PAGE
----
After two months in the Loire Valley, we drove to Meribel where Pierre had rented a chalet for the season. The winter of 1979 was the happiest of my life–a blue sky holiday. The chalet was perpetually filled with guests and when it wasn’t, we would ski to neighboring Courchevel where we spent time with Jean and Anne Caracciolo. Living in the French Alps was so magnificent that, years later, when Pierre would suggest that we move to Mammoth Lakes, I would instantly agree. Waking up each morning, my only worry was of what to serve our friends for dinner that night. More often than not, they wouldn’t let me cook. Relieved of my role as hostess, I would collapse in front of the television set, exhausted after eight hours of skiing Les Trois Vallées.
With the rumble of friends’ laughter and Devon’s gleeful chatter in the distance, I sat mesmerized by the black and white images of the Ayatollah Khomeini and his triumphant return to Iran after fifteen years in exile. The shah and his family had fled the country two weeks before, and jubilant Iranian revolutionaries were clamoring to establish a theocracy based upon strict adherence to Islamic fundamentalist law. Each night, I watched in disbelief as a revolution caught fire, sending women back hundreds of years into the dark ages. I was young. I still had no understanding of the underlying causes– no knowledge of the coup orchestrated by the CIA in 1953 in order to overthrow Iran’s democratically elected prime minister, Mohammad Mosaddegh. That winter, as I contemplated my country’s unquenchable quest for oil, I began the second phase of an awakening. Unfettered by the demand to perform at Merrill Lynch, with time on my hands, my interest shifted– from the mechanics of money to the mechanics of power.
But Pitou never let me dwell too long on the negative. He was acutely aware of my penchant to retreat into a cerebral world where, often, I would lose myself. Pulling me from the depths of darkness into the light, with his smile, his inimitable sense of humor, he would remind me of all I had been given while imploring me not to take it for granted.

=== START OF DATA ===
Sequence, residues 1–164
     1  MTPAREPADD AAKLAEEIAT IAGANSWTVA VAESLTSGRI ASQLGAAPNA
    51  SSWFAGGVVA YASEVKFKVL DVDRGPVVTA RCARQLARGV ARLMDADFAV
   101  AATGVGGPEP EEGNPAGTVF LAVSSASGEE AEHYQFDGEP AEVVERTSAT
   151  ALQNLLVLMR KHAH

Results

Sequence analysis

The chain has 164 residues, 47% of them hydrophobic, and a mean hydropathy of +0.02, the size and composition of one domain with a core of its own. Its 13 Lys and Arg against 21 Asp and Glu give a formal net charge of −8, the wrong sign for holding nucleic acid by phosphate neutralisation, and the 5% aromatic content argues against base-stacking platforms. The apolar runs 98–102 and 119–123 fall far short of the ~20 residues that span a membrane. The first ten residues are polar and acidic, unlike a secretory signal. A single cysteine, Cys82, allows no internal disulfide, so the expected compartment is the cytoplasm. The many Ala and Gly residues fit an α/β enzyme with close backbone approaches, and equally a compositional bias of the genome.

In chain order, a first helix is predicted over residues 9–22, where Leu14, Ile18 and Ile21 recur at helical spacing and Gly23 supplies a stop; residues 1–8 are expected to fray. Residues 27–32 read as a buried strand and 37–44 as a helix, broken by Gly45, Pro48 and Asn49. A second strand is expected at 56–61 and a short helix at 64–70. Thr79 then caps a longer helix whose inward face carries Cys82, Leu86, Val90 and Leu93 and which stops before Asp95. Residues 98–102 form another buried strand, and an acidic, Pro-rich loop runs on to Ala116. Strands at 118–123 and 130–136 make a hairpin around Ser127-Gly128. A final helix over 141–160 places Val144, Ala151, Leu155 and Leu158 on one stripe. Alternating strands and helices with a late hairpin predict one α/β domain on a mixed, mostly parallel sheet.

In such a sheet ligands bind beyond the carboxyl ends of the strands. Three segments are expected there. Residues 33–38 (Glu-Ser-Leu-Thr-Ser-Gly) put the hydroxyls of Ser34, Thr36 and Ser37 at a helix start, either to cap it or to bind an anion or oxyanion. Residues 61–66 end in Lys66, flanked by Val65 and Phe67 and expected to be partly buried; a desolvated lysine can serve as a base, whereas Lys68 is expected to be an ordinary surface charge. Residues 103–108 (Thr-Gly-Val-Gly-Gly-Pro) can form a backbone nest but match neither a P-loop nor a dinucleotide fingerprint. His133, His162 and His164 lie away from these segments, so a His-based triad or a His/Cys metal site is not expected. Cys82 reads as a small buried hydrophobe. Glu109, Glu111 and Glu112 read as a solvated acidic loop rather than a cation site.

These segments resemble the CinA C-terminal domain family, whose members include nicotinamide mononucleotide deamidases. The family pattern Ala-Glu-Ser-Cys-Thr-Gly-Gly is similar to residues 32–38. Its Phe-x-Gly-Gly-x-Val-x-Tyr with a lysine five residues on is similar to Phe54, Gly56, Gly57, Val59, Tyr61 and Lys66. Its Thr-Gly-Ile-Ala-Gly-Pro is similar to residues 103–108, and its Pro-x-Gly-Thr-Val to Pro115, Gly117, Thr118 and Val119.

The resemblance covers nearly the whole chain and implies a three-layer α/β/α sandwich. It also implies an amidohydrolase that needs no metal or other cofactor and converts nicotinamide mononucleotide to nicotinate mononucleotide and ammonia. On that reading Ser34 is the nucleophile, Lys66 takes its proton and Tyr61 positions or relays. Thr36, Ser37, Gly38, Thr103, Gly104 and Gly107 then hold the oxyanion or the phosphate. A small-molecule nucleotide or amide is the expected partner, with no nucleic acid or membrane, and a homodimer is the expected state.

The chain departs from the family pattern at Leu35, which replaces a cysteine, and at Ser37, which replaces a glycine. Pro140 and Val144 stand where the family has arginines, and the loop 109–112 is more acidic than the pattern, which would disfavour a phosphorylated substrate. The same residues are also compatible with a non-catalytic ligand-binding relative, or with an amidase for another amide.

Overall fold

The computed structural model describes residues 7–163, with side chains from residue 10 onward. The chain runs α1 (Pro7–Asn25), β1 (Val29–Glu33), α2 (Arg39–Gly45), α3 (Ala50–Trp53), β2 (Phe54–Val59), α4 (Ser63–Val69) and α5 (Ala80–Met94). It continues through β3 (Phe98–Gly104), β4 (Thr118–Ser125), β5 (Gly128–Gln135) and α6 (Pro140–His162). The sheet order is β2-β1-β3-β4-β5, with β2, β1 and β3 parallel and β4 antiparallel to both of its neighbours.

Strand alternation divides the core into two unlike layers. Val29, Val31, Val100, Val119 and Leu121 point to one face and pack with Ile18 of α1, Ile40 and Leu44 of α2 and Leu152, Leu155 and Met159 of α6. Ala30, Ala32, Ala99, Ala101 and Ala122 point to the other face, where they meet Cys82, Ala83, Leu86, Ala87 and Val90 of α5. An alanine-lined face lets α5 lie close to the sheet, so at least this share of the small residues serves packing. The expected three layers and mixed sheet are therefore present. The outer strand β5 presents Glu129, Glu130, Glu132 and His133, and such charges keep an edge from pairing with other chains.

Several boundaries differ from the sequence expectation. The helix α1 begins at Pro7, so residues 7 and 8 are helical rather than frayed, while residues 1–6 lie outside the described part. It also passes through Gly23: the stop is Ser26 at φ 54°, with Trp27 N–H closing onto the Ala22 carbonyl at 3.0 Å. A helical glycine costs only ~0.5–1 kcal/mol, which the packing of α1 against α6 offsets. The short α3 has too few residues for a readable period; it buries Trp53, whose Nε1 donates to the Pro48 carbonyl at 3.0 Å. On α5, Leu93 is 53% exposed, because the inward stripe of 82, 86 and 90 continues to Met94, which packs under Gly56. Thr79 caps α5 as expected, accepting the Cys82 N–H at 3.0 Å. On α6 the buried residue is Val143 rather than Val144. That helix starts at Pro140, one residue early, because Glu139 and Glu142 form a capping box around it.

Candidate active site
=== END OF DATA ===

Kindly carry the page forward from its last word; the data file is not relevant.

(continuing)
We were a family now. And, while the trials of the near future would test our resolve, for the moment, adherence to the vows I had taken back in August of 1976 when we had married had yet to probe the depths of my courage and devotion to this man. As the Cinderella years came to an end, I didn’t yet have the faintest clue of what real love is. Looking back, while these years were glorious and, if given the chance, I would relive them in an instant, I am the most thankful for the pain that was still to come. L’amour, l’amour –what it still had to teach.
By the time we would board the plane for L.A., Pitou and I had been together for almost eight years, defying those who had felt that, because of our age difference and cultural dissimilarities, we wouldn’t last. Instead, our admiration for each other had only deepened.
Other than the physical attraction, the chemical reaction that ignites an incendiary wave of irrational emotions which invariably die out, I have come to define love as mutual respect born of abiding affinities, so strong, they virtually tie you to another for eternity. You are bound together because in viewing one another, you see yourself—or at least a part of yourself. In that sense, love is narcissistic although few of us would like to admit it. We want to idealize it, pretend that we are sacrificing for it when, in reality, everything that we give to it is a taking. Those in love, even when unrequited, are the lucky ones. For the bittersweet sadness experienced from the loss of love is still preferable to the hunger from never having known its taste.